Berry Forecast: Pick or wait?

Photo: Butler’s Orchard.

A cool, wet spring impacts local fruit

By Chelsea Harrison

I have only to break into the tightness of a strawberry, and I see summer—its dust and lowering skies. 

Toni Morrison, The Bluest Eye

Fresh strawberries have a distinctive smell, and you know it when you find it: sweet, tart, a little grassy, some say like caramel. To borrow a term from winemaking, strawberries can be sensitive to their terroir, or the environmental factors, such as soil, climate, and sunlight, that can affect the flavor and aroma of crops. In Maryland, where it feels like we experience four seasons in the same day, farmers must stay on their toes to bring us this treasured crop.  

In honor of National Pick Strawberries Day, May 20, we went in search of where you can pick strawberries and what to expect from this year’s crop.

A Surprising Spring

There are many jokes and memes about Maryland’s capricious weather, but even for lifelong Marylanders, this spring has seemed particularly indecisive. Between all the rain, some late freezes, intermittent warm sunshine, (and this just in: possibly 90 degrees this weekend?)—what does that mean for our beloved spring crop, the strawberry?

The farmers I spoke to seem to take weather struggles in stride, as just part of the job. Joe-Sam Swann, sixth-generation farmer and owner of Swann Farms in Owings says their strawberry season has been pushed a little later than expected, however “the weather is predictably unpredictable…but that’s the weather, and it’s not a bad thing.” 

As gardeners know, late spring frosts can be detrimental to early planting efforts. So how do farmers solve for those issues with strawberry crops? Swann uses row covers, which he compares to “a sheet on your bed,” which insulates the young plants and keeps the wind and frost off them as much as possible. 

Tyler Butler, third-generation farmer and general manager of Butler’s Orchard in Germantown, takes a similar approach. “We did have a very difficult spring in terms of frost protection. We had to go out and irrigate the crops by creating a layer of ice around the blossoms, and we did not get significant damage because we were on top of it,” he said.

According to National Oceanic and Atmospheric Administration (NOAA) weather data, the lowest temperature in April (recorded at BWI Airport) was 31 degrees on April 11. Butler says that plants begin to lose fruit at 28 degrees, so the slim temperature margin helped protect the plants in most areas, in addition to the proactive steps many farmers took. 

We also received an extra half inch of rain (.53) over the April average, and as of mid-May, temperatures were averaging 3.3 degrees cooler than average for the month. 

While these conditions have harmed strawberry crops in some locations and delayed in others, Butler notes that these conditions could “actually be very good for a lot of crops, like the new strawberries for next year.”  

Mark Powell, Chief of Agriculture and Seafood Marketing at Maryland Department of Agriculture, is optimistic about this year’s crops. “In general, the crop will be good and sweet,” he says. “The cool weather has slowed up harvest and some crops were damaged by frost. But the berries that remain will be bigger in some cases.”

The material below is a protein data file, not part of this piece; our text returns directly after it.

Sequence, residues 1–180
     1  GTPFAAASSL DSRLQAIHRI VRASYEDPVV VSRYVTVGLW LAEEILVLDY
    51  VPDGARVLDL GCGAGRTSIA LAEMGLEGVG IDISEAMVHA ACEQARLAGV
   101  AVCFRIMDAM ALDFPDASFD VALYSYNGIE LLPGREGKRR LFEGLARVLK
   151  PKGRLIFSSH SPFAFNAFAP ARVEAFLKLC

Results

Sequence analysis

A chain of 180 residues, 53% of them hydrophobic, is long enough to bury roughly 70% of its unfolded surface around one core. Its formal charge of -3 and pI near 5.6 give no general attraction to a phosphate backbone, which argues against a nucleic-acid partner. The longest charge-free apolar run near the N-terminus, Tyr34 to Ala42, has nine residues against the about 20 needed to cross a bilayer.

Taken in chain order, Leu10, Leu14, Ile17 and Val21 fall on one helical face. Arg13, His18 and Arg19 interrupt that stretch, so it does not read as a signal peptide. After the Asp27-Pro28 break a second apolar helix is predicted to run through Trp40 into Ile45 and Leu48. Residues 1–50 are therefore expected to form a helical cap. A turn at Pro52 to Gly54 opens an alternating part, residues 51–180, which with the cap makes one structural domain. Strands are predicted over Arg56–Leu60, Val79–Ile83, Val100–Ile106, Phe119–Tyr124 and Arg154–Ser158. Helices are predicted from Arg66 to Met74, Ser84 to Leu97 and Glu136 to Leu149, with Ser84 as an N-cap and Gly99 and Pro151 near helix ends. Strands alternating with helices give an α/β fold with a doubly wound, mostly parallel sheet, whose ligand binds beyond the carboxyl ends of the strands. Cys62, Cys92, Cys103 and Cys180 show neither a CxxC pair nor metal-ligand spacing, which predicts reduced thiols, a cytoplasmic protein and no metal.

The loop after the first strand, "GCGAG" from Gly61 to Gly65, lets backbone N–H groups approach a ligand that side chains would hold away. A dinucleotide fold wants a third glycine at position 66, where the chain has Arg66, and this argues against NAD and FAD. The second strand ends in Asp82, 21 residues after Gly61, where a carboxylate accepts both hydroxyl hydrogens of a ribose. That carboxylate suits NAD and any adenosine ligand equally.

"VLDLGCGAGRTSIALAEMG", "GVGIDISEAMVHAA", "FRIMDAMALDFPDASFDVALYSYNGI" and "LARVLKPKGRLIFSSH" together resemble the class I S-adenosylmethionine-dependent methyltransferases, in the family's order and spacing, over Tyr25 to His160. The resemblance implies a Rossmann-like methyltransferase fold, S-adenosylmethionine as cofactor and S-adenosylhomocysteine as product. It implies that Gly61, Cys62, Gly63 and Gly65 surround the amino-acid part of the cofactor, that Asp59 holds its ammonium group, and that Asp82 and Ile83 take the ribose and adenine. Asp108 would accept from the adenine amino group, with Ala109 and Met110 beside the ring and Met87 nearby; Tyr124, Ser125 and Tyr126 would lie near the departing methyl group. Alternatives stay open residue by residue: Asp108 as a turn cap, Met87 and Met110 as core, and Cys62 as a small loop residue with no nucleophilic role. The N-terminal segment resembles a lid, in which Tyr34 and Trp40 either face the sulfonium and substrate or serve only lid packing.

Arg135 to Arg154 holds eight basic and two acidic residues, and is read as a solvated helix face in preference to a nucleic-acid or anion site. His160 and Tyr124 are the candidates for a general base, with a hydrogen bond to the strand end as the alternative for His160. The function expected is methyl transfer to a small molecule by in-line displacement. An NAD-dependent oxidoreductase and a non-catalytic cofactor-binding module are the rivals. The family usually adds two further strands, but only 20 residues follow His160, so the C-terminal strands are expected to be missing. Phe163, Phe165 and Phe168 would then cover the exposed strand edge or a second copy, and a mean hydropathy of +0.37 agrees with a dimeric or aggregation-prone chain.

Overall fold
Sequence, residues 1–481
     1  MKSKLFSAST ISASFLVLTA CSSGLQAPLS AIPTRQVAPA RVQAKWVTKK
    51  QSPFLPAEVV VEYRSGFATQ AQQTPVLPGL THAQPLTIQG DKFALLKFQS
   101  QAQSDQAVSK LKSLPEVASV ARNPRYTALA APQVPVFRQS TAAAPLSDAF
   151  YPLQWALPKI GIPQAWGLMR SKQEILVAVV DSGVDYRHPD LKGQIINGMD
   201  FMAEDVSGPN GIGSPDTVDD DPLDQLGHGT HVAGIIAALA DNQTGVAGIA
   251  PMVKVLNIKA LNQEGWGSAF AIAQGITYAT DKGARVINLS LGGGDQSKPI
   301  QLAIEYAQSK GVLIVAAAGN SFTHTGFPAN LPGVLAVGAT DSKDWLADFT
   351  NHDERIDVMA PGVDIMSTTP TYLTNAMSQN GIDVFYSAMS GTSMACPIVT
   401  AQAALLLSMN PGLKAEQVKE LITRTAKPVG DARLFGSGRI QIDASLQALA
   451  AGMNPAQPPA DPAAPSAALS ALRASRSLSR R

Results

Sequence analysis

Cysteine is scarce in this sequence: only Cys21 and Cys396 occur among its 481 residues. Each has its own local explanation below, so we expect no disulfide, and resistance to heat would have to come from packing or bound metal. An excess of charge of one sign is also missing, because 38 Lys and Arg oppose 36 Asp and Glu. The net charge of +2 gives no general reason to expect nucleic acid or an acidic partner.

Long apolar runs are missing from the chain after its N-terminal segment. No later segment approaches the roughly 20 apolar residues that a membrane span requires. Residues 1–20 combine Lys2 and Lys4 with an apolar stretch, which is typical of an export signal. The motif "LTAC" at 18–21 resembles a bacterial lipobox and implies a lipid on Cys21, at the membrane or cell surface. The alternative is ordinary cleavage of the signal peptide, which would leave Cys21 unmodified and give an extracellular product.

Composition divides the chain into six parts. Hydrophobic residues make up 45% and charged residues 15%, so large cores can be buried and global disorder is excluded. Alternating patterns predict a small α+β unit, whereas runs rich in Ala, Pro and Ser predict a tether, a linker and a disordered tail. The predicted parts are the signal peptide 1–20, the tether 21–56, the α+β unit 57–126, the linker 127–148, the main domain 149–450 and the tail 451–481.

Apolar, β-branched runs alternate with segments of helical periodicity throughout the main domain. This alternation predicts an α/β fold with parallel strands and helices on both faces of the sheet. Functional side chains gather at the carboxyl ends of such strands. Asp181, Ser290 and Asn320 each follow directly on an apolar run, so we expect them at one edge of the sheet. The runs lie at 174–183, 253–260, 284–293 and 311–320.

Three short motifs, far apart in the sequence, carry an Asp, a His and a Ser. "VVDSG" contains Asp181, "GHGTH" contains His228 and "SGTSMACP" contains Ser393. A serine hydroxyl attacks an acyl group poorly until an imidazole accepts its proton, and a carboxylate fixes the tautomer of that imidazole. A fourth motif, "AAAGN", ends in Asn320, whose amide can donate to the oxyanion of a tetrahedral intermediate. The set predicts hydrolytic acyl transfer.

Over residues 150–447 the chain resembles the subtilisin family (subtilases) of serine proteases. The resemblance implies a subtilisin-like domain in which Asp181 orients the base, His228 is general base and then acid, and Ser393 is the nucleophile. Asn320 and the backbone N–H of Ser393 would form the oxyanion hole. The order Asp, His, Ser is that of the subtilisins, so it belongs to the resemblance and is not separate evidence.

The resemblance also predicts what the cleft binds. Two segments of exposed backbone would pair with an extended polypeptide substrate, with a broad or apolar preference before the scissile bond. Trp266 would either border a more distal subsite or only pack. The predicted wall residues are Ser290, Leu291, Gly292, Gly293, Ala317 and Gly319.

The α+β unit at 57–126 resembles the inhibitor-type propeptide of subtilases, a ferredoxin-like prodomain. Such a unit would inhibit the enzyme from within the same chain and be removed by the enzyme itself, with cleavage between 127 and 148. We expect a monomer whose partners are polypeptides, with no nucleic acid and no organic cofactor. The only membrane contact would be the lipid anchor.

It’s Picking Season 

Picking your own fruit is a fun excursion and a great learning opportunity for the kids—food comes from the dirt, not from a plastic carton. Kids (and adults) may gain a greater appreciation for the hard work that goes into farming and producing the food that often seems to effortlessly end up on the dinner table.

Laretta Oberlander of Crofton visited Swann Farms on May 5 with her family. They picked a bucket of berries and were able to explore and learn about the farm, as well. “The people are so kind at Swann Farms. My toddler wanted to explore and when I asked, the answer was ‘of course,’” she says. “The nice man educated us on the different berries being grown and when they would be harvested. I always love going there.”

Butler’s Orchard knows that many families make strawberry picking an annual tradition. The orchard has been in operation for over 70 years and now have multi-generational visitors– people who came as children now bring their own children or even grandchildren. “Strawberries are a flavor that definitely brings back childhood memories,” Butler notes.

Grocery store packages of strawberries tend to offer larger berries because they fill containers faster and require less labor, though the flavor is lacking compared to farm fresh berries. Butler  

says they choose their strawberry varieties with pickers in mind. 

You-pick farms do not have to consider things like shelf life, transportation, and labor costs. The most important factor is flavor since most of the berries will literally be in the consumer’s hands right from the field. “Our berries are small and sweet,” Butler adds.

If you are planning to go picking, be sure to check the farm’s website or social media before you go for updates on opening hours and field conditions. In many cases, business hours can vary day by day.

Photo: Laretta Oberlander.

Where to Pick

Butler’s Orchard

22222 Davis Mill Road, Germantown

Pick from over 15-acres of fields on this 37-acre farm; park, restaurant, and market on-site. Farm Park includes tractor rides, playground, and slides. Market offers “famous” lemonade, apple, and strawberry slushies. 

Strawberry Outlook: Plan on opening Memorial Day weekend. Some weather issues in spring but “we did not get significant damage … we lost a little but not a lot; we’ll still have an abundant season.” May 16 update via Facebook: “It’s almost our favorite time of year! Juicy red ripe strawberries are coming to tastebuds near you very soon! Opening day looks to be late May especially with warm sunny skies ahead. Picking will be by reservation. Season passes available!”